To anyone who loves cats, this is a diabolical idea - whether or not it was ever put into practice. The katzenklavier (cat piano) was a keyboard to which 7 to 9 cats, in order of the pitch of their voices, were fastened. Pressing a key caused a sharp nail to be driven into the corresponding animal's tail, causing it to cry out. The idea is ascribed to the fertile imagination of German Jesuit scholar Athanasius Kircher (1602-1680), who described it as cheering up a depressed Italian royal: "The result was a melody of meows that became more vigorous as the cats became more desperate. Who could not help but laugh at such music?—and so was the prince raised from his melancholy." According to German physician Johann Christian Reil (1759-1813), the device could cure mental patients who had lost the ability to focus: "A fugue played on this instrument - when the ill person is so placed that he cannot miss the expression on their faces and the play of these animals - must bring Lot's wife herself from her fixed state into conscious awareness."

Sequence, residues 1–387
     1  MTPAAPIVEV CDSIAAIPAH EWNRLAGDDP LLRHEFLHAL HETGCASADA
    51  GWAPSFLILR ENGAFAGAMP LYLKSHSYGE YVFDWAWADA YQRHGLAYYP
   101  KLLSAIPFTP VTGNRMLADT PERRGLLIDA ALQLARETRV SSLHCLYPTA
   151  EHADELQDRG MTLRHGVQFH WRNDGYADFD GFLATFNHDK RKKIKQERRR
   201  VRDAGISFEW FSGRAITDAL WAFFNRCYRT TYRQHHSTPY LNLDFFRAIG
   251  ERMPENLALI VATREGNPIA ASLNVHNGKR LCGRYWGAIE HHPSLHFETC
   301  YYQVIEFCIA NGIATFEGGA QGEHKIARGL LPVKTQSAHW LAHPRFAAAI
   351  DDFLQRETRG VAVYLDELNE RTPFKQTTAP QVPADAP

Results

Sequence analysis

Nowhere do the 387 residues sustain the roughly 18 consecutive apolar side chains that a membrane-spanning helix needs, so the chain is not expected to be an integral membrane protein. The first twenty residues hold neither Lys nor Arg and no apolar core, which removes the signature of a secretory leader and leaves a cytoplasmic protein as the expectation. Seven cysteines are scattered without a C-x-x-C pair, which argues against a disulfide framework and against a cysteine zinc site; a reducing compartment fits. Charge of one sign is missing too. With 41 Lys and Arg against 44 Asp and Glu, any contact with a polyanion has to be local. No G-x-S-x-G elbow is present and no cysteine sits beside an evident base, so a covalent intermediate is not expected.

There are apocryphal accounts of such a device - before and after its supposed design by Kircher - being used in 16th c. Brussels and 18th c. Prague. The katzenklavier has been brought into modern consciousness by an award-winning 2009 animated film called "The Cat Piano." The story is told in the form of a poem by director Eddie White, who calls the machine the "harpsichord of harm":
"Confined were the cats in a row of cages.You will not regret spending 8 minutes to watch the film here.
With each note struck upon its ivory tusks,
A sharpened nail would pierce each cat’s tail,
Forcing a note from each pitch on the scale. "